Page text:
As soon as the Honest was tied and secured to the shoreline with ropes and stakes, Amaris, Evorlette, and Karet looked around themselves with a sort of overdue awe. The mainland was lovely, even at night, and with the moon shining bright and full above the horizon, it was bright enough to see. They could easily begin their search this night, and all agreed with spoken agreements that it would be so.
The pace, while somewhat brisk, was just slow enough to allow meandering thoughts and worries to creep in, but each woman had her own, and these were not admitted at all to the others. As for Amaris, she would not let her fear show even in her eyes. Her countenance betrayed not a single note of worry, though in truth it did lie within her, buried deeper within than anything she had ever cared to hide.
For, though she had been training her entire life, she had never been in a true battle. The others did not know that, and she would never tell them. They all spoke of her incredible skill— but how hard was it, truly, to dispatch dummies made of hay, and to shoot arrows into the hearts of stationary, colorful targets? So, her fear this night was that a true battle would come upon her, and she would find it hideously, grotesquely different than training.
If not her face, perhaps the only thing in her mannerism that betrayed this minute fear was the grip she had on the sword belted at her waist. Her hand sat on top of the hilt like a hawk gripping a mouse, so tight that her knuckles and the ends of her fingers paled visibly, even in the dim moonlight.
The others attributed this quirk to readiness, and actually tried to replicate it. Surely, they thought, Amaris’s grip was vise-like in strength in order to ensure that her tiring senses stayed at full aptitude and operated to the best of their ability.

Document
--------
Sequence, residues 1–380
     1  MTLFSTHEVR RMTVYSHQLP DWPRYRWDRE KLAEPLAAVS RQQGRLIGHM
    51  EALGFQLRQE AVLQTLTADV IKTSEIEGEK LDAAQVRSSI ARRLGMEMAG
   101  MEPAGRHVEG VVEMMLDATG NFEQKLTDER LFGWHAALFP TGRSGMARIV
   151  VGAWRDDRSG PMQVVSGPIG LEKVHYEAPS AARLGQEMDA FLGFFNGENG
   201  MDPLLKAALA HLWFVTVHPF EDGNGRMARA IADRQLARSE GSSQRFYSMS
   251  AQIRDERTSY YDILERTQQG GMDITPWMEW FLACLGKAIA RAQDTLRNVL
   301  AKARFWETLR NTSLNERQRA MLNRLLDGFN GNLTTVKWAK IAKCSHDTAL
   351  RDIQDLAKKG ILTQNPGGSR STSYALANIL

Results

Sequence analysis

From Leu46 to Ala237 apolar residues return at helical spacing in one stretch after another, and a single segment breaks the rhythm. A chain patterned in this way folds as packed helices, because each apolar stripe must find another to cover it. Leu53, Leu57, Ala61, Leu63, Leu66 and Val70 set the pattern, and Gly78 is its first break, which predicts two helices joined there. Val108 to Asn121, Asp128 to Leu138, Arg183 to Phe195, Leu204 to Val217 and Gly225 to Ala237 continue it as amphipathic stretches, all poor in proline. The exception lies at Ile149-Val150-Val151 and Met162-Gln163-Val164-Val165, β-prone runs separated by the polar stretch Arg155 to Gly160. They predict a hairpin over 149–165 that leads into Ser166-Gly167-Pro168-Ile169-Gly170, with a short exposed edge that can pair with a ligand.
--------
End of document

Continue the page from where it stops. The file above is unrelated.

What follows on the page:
With the moonlight illuminating the ground before them, the grass seemed an ocean of waving, blue-green spikes. A chill wind it was that had propelled their sails to the mainland, and that same chill wind continued to blow, south to north. It was, however, a quiet wind, and did not prevent or even hinder the arrival of a long, apprehensive silence. The three women fell into the expectant alarm of mice bolting from their holes, fearful of the night owl that they knew was on the hunt this very night.
And suddenly there it was, a flash on the horizon. A beacon, a warning perhaps. Amaris and Evorlette did not recognize the sign, but Karet, by her gasping reaction, did.
“It’s Ketsu!” she cried. “He’s in trouble! He needs our help!”
“Hold!” Amaris shouted, grabbing Karet’s arm as she tried to dash past. “How do you know that’s Ketsu?”
The words flooded from her mouth in hurried slurs. “It’s a warning that he and I worked out before we came! If he was ever in trouble, he said that he’d make a bright light!”
Amaris nodded, and quickly they were off. In their haste, the other two did not notice when Amaris visibly paled. They set off in the direction of the light, which was just now fading back into the darkness of the horizon. A second flash rose up after the first, nearly simultaneous. They increased the pace once the second light began to fade.
In hardly any time at all, they began to see the campfires on the horizon. There were shouts— barbarian whoops, the deep booming of tribal drums, and the flickering, dancing shadows in the night. The women drew their swords, and let the work of butchery commence.